Right away you’ll see why Cenote Dos Ojos is perfectly named, “two eyes” and one of the most Instagrammable Tulum cenotes. The crystal clear blue water which fills what looks like two sinkholes, is actually a single cenote that connects the two by a long passage.
Also being one of the best Tulum caves, when you come to Cenote Dos Ojos, don’t miss “Bat Cave,” where you can see bats hanging from stalactites. You can take a snorkeling tour or opt to go diving – it’s connected with one of the longest underwater cave systems in the world!
Because of all the beautiful natural features, Cenote Dos Ojos is one of the most popular cenotes in Tulum so keep in mind that it can get hella crowded.
Cenote Dos Ojos entrance fee: $350 MXN
Cenote Dos Ojos hours: 8:00am – 5:00pm
Best for: IG photos, swimming, snorkeling, diving
Located 500 meters from the beach and connected underground to the ocean, there’s a mix of both fresh and seawater here. Like most Mexico cenotes, it’s also known for its famous crystal clear waters which help you to see the roots of the mangroves surrounding the cenote. If you’re looking for a little something different, you can rent paddle boards and kayaks here.
Casa Cenote entrance fee: $150 MXN
Casa Cenote hours: 8:00am – 5:00pm
Best for: swimming, snorkeling, scuba diving, free diving, paddleboarding, kayaking
One of the three cenotes in Parque Dos Ojos, Cenote Jaguar is an open cenote surrounded by mangroves in the middle of the rainforest. Two jumping platforms and a zip line make it a fun spot for both kids and adults. Teresa convinced me to do one of the jumps and get on the zip line (comes with the entrance fee, and you can go twice), and it was actually fun!
Cenote Jaguar entrance fee: $250 MXN
Cenote Jaguar hours: 8:00am – 5:00pm
Best for: swimming
Sac Actun is more than just another cenote in Mexico. This is the best underground Tulum cenote experience because you’ll be swimming through the longest underwater cave system in Mexico. There will be bats, fish, and stalactites that will hang so low they touch your head. Because of the intricate system of these passages, you’ll need a guide in the water. If you wanna go scuba diving, you’ll need a certain level of experience as some points can get extremely deep.
Sac Actun entrance fee: $450 MXN (includes gear and guided tour)
Sac Actun hours: 8:00am – 5:00pm
Best for: swimming, diving
The third cenote in Parque Dos Ojos is still off the beaten path compared to other cenotes in Tulum so it’s also not as crowded. Largely above ground like a pond, get your pics for the ‘gram here with the beautiful lily pads floating in the water.
Cenote Nicte Ha entrance fee: $200 MXN
Cenote Nicte Ha hours: 8:00am – 5:00pm
Best for: swimming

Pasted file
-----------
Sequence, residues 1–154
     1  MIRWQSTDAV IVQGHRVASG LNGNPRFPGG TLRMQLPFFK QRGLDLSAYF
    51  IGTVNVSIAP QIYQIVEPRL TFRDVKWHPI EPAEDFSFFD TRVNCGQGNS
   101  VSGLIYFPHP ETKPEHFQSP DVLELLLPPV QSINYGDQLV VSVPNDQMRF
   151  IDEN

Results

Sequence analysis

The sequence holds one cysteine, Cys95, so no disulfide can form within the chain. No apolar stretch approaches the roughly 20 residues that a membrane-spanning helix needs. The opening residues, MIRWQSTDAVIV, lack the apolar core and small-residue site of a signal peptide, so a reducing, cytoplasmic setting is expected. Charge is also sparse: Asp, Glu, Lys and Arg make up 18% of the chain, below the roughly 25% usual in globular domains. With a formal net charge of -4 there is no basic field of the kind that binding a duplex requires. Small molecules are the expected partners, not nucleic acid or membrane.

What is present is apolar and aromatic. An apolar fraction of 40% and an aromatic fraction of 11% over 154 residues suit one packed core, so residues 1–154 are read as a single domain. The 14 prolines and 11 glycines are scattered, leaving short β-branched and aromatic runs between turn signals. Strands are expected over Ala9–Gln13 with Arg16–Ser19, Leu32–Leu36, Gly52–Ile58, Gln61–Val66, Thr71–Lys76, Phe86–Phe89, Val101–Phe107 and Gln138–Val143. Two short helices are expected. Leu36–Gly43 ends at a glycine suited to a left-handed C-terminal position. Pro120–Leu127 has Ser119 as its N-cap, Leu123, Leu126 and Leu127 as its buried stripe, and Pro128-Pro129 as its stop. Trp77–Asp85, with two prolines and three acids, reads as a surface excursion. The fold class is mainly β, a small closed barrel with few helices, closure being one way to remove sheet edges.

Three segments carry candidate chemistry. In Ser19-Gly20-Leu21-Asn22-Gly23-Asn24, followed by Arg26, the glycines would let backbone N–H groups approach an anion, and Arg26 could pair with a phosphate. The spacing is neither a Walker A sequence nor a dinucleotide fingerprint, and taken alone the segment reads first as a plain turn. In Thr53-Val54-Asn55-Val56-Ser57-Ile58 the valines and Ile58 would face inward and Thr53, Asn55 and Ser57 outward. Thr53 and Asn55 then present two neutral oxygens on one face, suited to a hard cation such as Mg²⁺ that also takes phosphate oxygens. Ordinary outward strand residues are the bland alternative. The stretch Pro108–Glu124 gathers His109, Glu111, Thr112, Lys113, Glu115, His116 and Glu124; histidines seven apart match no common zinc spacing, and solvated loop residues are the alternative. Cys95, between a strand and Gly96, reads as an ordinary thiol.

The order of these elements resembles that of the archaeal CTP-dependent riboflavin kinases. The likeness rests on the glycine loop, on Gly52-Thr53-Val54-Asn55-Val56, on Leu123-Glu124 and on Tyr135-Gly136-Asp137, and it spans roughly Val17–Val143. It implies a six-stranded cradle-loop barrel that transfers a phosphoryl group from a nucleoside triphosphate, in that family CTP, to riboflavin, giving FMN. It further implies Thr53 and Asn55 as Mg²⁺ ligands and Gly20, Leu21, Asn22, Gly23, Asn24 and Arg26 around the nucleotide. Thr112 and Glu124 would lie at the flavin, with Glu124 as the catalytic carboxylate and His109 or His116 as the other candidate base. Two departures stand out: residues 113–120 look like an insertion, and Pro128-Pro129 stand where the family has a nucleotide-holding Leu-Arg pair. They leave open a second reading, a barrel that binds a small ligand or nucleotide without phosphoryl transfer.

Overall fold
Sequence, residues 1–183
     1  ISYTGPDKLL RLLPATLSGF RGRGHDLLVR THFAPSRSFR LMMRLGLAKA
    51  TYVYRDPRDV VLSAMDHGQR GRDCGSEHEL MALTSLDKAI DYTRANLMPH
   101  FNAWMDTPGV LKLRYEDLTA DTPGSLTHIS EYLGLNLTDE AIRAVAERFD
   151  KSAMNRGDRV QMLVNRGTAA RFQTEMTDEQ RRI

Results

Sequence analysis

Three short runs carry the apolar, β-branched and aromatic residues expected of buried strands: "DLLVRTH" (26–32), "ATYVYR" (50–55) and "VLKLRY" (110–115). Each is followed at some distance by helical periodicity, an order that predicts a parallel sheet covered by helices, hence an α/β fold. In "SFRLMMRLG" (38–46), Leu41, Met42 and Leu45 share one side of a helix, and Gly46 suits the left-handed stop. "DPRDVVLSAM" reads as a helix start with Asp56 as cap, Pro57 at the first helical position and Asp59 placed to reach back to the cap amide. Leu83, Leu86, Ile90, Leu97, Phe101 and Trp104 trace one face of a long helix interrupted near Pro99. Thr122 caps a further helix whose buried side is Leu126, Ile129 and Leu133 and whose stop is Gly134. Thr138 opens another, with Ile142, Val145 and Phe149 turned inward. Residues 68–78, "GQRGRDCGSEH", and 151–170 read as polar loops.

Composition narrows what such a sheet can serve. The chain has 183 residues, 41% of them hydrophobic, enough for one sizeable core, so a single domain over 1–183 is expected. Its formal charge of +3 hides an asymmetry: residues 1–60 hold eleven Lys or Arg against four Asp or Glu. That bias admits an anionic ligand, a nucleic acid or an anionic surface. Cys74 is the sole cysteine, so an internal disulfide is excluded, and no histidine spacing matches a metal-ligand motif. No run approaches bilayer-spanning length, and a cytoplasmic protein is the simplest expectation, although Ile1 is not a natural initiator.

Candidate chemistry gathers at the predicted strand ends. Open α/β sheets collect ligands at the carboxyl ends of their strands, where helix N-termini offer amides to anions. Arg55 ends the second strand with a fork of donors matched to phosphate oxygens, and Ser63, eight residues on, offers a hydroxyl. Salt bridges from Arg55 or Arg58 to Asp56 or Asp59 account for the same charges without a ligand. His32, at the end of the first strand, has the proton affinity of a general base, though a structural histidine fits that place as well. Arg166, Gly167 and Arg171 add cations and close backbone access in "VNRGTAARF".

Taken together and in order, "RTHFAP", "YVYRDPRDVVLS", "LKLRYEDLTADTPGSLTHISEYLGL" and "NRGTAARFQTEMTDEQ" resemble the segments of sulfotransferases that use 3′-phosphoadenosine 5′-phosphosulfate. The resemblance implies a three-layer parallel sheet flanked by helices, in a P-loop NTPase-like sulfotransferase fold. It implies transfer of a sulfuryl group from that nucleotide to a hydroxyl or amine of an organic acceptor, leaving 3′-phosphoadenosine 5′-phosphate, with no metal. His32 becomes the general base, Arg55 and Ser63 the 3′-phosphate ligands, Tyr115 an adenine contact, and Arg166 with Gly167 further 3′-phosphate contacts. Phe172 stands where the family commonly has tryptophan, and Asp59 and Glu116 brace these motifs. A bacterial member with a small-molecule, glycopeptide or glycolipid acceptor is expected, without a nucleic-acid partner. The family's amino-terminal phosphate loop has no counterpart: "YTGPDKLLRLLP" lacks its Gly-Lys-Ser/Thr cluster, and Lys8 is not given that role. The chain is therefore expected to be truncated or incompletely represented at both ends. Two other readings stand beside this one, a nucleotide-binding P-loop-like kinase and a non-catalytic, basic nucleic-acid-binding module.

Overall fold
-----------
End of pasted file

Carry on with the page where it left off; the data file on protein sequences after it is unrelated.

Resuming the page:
If you’re feeling like venturing out further from the immediate Tulum area, I gotchu covered with these next 6 best cenotes near Tulum! Don’t miss out on these other cenotes in Yucatan and Quintana Roo areas.
As one of the biggest Mexico cenotes, the “Blue Cenote,” definitely stands out because of its bright turquoise waters. It’s close to other Playa del Carmen cenotes like Cenote Cristalino and Cenote Kantunchi. With shallow areas and other areas where you can sit or stand on large white rocks, it’s suitable for the whole family.
The deeper pool, separated by an elevated walkway, is great for diving and cliff jumping and because of its size, Cenote Azul will never feel too crowded. You’ll definitely feel like you’re in a natural fish spa here with all the nibbling fish!
Fully accommodated with changing rooms and bathrooms, a snack bar & restaurant with tacos, and a shop for fish food, it has everything you need. Cenote Azul is about 40 minutes away from Tulum.
Cenote Azul entrance fee: $120 MXN
Cenote Azul hours: 8:30am – 5:00pm
Best for: families, chill vibe, swimming
Cenote Choo-Ha is the best of the three cenotes in Coba for snorkeling. It’s name meaning, “dripping water,” you’ll find stalactites with dripping water everywhere in this cave which is reachable by walking down a fair amount of wooden stairs.
In addition to snorkeling, the shallow clear waters make it ideal for swimming and relaxing, but you definitely need water shoes because of all the rocks. Since it doesn’t get crowded too often – you just might have a silent and peaceful visit! Because it is underground, it’s a great choice to visit even on a cloudy day.
Cenote Choo-Ha entrance fee: $100 MXN
Cenote Choo-Ha hours: 8:00am – 6:00pm
Best for: swimming
Cenote Tankach-Ha is more ideal for diving and cliff jumping. Another one of the cave cenotes in Yucatan Peninsula, you’ll reach the water by walking through the entrance which is just a small hole in the ground. It’s literally JUST A CAVE with an artificial light, so only bring down what you need.
The two platforms – 5 meters and 10 meters high – allow you to practice your diving skills into the deep water below which can reach up to 35 meters. Take a break from the cenotes in Tulum and make a day trip to Coba. You can visit the Coba ruins nearby then cool off in Cenote Tankach-Ha and Cenote Choo-Ha which share an entrance.